- May 2021 (3)
- April 2021 (2)
- March 2021 (5)
- February 2021 (4)
- January 2021 (4)
- December 2020 (4)
- November 2020 (5)
- October 2020 (4)
- September 2020 (4)
- August 2020 (4)
- July 2020 (1)
- June 2020 (4)
A Test Case For Globalization: The World Trade Organization
The global trading system’s rule-making process started with a rigorous effort aimed at multilateralism, which over time became a thrust for plurilateralism. Now the drive is back to plain bilateralism. For more than two decades, global economic relations have been exposed to an era of uncertainty, brought about primarily by the major stakeholders of the system.
The prevailing uncertainty is still unfolding. One thing, however, is certain: the global architecture of rules-based trade that has been conceived, agreed upon, and implemented over the last seven decades today faces an unprecedented challenge, mainly emanating from the choices of the developed countries. It is voiced by politicians who channel the frustration of segments of society that have not adequately benefitted from this age of globalization. The U.S. presidential election and the Brexit referendum of 2016 have demonstrated the level of discomfort in these societies. In other words, a nationalist and populist fervor is rising in the countries once considered to be the bastions of the global liberal order.
It is far too early to forecast how, and by whom, the new rulebook for global trade and economic activity will be shaped. The existing system has served its function of providing relative stability to international finance and trade. The western liberal world order was mainly prevailed by coalitions initiated by the United States and supported by the European and other developed countries. Some even argued that the fall of the Berlin Wall and the collapse of the Soviet Union marked the end of history, a victory for the Western liberal order, once and for all. Globalization was accepted by all, and membership in the Bretton Woods organizations became universal. China and Russia also became stakeholders in the system.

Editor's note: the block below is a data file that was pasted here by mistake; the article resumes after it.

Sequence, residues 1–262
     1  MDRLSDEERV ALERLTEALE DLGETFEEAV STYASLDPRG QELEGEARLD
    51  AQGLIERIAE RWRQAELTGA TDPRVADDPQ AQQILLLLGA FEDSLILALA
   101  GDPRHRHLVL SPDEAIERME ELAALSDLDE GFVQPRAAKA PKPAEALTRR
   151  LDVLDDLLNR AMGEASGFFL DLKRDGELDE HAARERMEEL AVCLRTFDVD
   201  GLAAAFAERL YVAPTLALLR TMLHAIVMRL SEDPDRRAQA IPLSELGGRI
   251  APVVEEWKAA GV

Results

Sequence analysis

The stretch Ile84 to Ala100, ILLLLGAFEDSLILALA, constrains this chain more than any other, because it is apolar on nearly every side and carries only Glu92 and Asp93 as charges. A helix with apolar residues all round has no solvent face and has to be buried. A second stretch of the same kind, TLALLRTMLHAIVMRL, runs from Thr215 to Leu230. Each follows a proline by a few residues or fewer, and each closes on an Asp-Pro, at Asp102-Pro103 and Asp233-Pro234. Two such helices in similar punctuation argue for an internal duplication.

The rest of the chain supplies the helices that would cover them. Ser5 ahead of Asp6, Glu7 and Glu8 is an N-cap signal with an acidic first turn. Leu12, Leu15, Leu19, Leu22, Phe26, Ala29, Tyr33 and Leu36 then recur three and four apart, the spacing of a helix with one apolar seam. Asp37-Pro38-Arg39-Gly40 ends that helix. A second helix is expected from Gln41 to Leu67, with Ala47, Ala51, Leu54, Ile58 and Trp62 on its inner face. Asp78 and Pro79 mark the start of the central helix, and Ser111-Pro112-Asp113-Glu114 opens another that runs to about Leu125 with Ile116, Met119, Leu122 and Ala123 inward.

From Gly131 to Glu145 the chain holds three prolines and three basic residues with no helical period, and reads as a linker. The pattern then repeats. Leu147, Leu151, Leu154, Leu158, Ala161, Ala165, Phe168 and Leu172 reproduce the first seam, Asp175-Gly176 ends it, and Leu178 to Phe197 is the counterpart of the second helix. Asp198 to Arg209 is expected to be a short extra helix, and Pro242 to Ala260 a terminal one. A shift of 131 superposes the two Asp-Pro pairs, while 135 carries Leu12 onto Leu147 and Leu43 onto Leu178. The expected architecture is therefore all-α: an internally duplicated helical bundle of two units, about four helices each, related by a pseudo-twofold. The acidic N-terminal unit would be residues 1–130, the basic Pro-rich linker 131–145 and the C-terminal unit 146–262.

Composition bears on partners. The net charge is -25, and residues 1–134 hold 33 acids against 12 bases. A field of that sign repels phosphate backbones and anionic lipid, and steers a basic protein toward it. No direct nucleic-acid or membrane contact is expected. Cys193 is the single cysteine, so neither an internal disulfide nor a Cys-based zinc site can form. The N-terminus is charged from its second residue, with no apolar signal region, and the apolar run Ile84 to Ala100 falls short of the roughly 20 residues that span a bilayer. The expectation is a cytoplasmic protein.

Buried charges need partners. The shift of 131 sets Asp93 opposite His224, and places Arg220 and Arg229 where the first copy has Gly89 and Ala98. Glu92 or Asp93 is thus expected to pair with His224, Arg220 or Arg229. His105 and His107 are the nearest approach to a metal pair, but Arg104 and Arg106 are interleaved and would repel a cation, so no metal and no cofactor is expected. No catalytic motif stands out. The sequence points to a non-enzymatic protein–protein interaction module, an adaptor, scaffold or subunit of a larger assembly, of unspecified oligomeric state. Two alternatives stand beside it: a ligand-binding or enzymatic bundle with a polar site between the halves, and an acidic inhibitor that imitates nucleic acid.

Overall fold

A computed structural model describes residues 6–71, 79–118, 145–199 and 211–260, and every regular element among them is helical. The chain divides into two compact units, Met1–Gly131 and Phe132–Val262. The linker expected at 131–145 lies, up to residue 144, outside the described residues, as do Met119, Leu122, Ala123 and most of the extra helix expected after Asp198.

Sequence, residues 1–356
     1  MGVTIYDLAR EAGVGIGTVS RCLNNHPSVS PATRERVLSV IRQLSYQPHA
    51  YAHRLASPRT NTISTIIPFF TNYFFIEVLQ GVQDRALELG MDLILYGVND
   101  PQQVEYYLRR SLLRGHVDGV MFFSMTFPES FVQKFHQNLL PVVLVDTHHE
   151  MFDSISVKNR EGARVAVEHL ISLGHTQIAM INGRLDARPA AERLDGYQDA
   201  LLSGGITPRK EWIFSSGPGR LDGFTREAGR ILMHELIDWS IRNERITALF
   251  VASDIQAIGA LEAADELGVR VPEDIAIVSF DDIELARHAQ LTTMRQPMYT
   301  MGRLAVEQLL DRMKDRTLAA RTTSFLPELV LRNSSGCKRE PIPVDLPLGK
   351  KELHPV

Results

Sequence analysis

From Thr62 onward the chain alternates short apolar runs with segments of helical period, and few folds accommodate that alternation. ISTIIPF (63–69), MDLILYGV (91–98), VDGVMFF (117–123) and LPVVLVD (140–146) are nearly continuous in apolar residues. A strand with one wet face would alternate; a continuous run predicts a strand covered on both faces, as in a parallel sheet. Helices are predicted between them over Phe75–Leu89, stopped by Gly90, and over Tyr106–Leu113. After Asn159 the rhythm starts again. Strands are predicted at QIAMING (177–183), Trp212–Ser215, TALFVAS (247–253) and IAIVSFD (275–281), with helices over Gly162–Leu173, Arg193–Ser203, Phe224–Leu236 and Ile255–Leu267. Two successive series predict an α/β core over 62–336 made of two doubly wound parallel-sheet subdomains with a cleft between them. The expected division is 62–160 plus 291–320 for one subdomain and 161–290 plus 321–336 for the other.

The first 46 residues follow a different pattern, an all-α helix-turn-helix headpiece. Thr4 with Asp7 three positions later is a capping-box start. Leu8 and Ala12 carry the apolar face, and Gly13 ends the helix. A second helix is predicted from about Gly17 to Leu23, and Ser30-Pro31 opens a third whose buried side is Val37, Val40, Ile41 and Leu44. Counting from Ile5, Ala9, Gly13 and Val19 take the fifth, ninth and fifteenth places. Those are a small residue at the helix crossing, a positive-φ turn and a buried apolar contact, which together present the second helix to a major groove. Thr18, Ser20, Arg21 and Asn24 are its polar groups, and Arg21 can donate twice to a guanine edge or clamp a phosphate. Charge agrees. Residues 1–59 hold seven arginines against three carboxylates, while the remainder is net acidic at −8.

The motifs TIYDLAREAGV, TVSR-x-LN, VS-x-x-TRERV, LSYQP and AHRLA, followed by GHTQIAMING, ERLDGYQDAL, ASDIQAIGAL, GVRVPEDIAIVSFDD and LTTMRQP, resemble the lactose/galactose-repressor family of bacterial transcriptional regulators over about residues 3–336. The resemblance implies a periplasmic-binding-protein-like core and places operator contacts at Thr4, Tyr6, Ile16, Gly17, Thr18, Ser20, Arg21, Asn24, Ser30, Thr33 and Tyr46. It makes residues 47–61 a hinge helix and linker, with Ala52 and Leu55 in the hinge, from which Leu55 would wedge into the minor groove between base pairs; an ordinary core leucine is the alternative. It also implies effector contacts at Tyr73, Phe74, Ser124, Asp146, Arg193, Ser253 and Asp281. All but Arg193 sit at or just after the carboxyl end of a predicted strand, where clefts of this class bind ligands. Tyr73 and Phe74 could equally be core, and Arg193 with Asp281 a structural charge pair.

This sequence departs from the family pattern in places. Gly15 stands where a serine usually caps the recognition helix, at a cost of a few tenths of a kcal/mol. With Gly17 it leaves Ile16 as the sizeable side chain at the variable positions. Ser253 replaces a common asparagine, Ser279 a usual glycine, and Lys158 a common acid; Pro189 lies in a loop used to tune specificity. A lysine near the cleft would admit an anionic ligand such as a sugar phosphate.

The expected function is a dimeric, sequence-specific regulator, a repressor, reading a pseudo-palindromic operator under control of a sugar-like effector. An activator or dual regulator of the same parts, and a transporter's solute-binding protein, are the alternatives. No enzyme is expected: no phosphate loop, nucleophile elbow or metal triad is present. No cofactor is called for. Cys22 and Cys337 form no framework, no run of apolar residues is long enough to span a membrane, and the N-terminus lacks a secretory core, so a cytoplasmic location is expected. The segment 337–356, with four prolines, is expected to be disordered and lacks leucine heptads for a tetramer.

Initially, the international community responded to challenges to the system with a multilateral, cooperative approach. The liberalization of the system had always been pursued in an orderly way, streamlined in eight successive rounds of the GATT. By the turn of the millennium, however, uncertainties affecting the system started to accumulate. Jubilation for globalization began to decline as the system failed to adequately respond to changing international economic relations. No new, meaningful progress in multilateral liberalization has been achieved since the 1994 Uruguay Round.
The 2008 crisis has accelerated the dispersion of economic power. Increasingly, emerging economies and developing countries are considered the answer to global trade problems. The W.T.O. Ministerial Conferences, though, have yielded meager adjustments that stopped short of addressing main issues.
Since that juncture, the developed industrialized countries and a few emerging economies instead embarked on mega-regional, plurilateral quests, such as the twelve- nation Trans-Pacific Partnership and the Trans-Atlantic Trade and Investment Partnership, consisting of the 28 countries of the EU, both of which were spearheaded by the US. The Negotiations on Trade in Services Agreement, too, began in a plurilateral manner, with the participation of 23 countries. China responded by embarking on a Regional Comprehensive Economic Partnership with 16 countries in the Pacific Rim. In response to the financial crisis, the G7 and G20 configurations gained in importance and expanded their agendas.